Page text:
By John Hilliard
BU News Service

With just days left before more than 35,000 runners are expected to pass by his door, Brian Peters doesn’t seem worried.

Peters is the general manager at The Pour House, a restaurant just a few blocks from the race’s finish line on Boylston Street. And with thousands of spectators and runners in the neighborhood, he’s expecting an onslaught during Monday’s Boston Marathon.

“It’s our busiest day of the year,” said Peters, who has worked Marathon Monday for the past 14 years. “Busier than New Year’s. Busier than St. Patrick’s Day.”

The marathon’s organizer, the Boston Athletic Association, says more than 35,000 runners are set to start in this year’s race. That’s about 12,000 more participants than the roughly 23,000 who started in the 2013 marathon.

The BAA also expects about 1 million spectators will watch the race along the sidewalks from Hopkinton to Copley Square. Plus, the event is expected to generate record levels of money through race-related business.

The Greater Boston Convention & Visitor’s Bureau estimated that the 2014 race will create nearly $176 million in revenues for businesses and charities – that’s about $4 million more than the previous record set during the marathon’s centennial race in 1996.

“We just bring a ton of people in from across the world, and they tend to stay for a number of days, they fill our hotels, they fill our restaurants, they run and they have a great time,” said Bob Luz, chief executive officer of the Massachusetts Restaurant Association.

This year’s event will be “business as normal for the marathon,” he said, distinguishing Monday’s race with the abbreviated 2013 marathon that was cut short by a pair of bombings and subsequent manhunt that left four people dead and hundreds more injured.

Luz’ group represents about 1,800 members across the state, including 350 in Boston alone. And they’re prepared for the crush of visitors that will descend on the city this weekend.

“They managed it before, they’ll manage it again. To our membership, this is normal… they have a strong history of how they manage through this,” said Luz.

To accommodate a larger-than-normal marathon crowd, the MBTA will close the Green Line’s Copley and Arlington stations during the race on Monday, along with stations on South, Kent and St. Mary’s streets.

Instead, buses will run on a weekday schedule on Patriot’s Day, said Kelly Smith, an MBTA spokeswoman.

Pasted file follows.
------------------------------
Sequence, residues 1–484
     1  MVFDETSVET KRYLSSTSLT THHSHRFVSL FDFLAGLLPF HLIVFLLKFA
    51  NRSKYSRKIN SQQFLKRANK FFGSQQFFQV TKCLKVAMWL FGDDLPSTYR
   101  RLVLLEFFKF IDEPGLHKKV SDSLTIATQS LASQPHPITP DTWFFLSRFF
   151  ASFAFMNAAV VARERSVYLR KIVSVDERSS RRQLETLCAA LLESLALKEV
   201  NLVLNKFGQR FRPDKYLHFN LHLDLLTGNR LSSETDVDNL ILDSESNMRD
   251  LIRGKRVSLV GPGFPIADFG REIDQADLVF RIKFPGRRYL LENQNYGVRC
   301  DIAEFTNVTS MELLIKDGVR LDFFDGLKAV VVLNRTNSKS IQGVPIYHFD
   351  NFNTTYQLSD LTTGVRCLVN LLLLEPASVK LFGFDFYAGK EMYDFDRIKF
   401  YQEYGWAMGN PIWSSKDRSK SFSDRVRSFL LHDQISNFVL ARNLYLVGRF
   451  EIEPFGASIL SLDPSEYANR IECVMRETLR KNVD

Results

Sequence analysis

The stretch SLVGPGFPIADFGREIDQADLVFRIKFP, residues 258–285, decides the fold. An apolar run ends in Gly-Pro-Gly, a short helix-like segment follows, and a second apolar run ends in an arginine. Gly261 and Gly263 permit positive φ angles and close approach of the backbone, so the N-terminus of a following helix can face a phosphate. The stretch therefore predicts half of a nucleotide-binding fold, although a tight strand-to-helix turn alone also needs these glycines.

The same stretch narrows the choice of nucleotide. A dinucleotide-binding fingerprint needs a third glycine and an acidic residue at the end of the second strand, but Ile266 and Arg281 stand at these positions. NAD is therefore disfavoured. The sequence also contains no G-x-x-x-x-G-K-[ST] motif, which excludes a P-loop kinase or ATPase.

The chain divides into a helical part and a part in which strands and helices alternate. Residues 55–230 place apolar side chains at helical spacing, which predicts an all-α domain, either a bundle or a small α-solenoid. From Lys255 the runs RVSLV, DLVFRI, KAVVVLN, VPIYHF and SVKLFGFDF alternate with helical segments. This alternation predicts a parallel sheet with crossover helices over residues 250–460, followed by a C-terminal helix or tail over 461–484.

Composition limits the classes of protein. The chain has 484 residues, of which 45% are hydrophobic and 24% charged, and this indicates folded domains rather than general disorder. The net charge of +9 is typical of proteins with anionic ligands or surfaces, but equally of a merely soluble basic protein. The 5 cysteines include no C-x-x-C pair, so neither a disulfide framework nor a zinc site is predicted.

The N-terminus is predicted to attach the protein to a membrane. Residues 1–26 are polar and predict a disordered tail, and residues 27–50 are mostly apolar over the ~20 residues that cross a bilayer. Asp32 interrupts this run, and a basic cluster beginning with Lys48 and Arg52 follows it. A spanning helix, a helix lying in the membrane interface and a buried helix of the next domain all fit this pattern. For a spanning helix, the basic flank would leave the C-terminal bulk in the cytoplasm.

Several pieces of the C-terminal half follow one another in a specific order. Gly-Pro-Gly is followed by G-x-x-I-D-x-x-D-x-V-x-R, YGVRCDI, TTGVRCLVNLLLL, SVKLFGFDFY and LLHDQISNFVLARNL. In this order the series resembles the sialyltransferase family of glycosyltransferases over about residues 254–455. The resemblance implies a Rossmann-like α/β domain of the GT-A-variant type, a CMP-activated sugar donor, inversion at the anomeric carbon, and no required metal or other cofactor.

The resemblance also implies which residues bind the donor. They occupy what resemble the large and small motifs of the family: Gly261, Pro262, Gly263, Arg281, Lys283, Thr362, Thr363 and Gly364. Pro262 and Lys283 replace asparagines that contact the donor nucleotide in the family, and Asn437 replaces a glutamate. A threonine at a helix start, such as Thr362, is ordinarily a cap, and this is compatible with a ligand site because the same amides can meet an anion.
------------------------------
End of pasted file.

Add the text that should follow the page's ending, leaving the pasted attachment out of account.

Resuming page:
“This means that more customers will be able to take bus service, and many will see more frequent service on the holiday,” she wrote in an e-mail.

The Greater Boston Convention & Visitor’s Bureau said that this year’s race will raise a total of $27.5 million in charity fundraising by marathon participants.


The BAA runs a program that organizes charities in conjunction with the marathon. Groups have to apply in advance to participate, and any runner who fundraises for one of these charities have to guarantee a minimum donation.

This year, that specific BAA program includes 30 charities that are expected to raise a combined $13 million, according to the BAA.

The BAA’s fundraising efforts to support itself have also increased over the last several years. BAA revenues grew from about $6.55 million in fiscal 2005 to about $12.5 million in fiscal 2012, the most recent year for which tax records are publicly available.

During that time, the BAA’s profits have more than doubled, from about $800,000 in fiscal 2005 to more than $1.62 million by fiscal 2012. The BAA ended that year with more than $12.6 million in assets — about $7.6 million more than fiscal 2005, according to those records.

While attention tends to focus on the urban end of the marathon course, the leafy residential towns to the west also stand to benefit from race day.

Marathon weekend visitors will book about 2,000 additional hotel rooms in the area, often with two people in each room, said Susan Nicholl, the executive director of the MetroWest Visitor’s Bureau.

“And why that’s important is if you have twice as many people in each room, you have twice as many meals that are going to be bought in that area,” said Nicholl.

Plus, visitors to the suburbs are more likely to drive and spend more money at gas stations and local stores during their stay, she said.

She noted that once the race is over for the western suburbs, spectators will often go to the shopping mall near the Massachusetts Turnpike in Natick. And local businesses adapt to the influx of customers, too.

“There are some bars along the route that aren’t normally open on a Monday at that time of day, and they do a brisk afternoon business,” she said.

On the eastern end of the race course, in Brookline’s Coolidge Corner, Travis Holwerda is gearing up for his first time working on Marathon Monday as a manager at the Upper Crust pizzeria.

Coolidge Corner typically looks like a block party on race days, with local shops setting up barbeques on the sidewalks and live music playing on street corners.

And with all of those potential customers right outside their door, Holwerda said the shop’s staff will be “on alert.”

“Nobody gets Marathon Monday off,” said Holwerda.

Back at The Pour House, Peters said they get business from pedestrians along the sidewalk and guests staying at the nearby hotels. And once the race is over, runners join the crowd, some still wrapped in thermal blankets given to them at the race, he said.

“They come in, everyone gives them a round of applause,” said Peters.

And someone needs to be behind the bar when they arrive.

“That’s why I’m not running, I have to be here,” he said, smiling.

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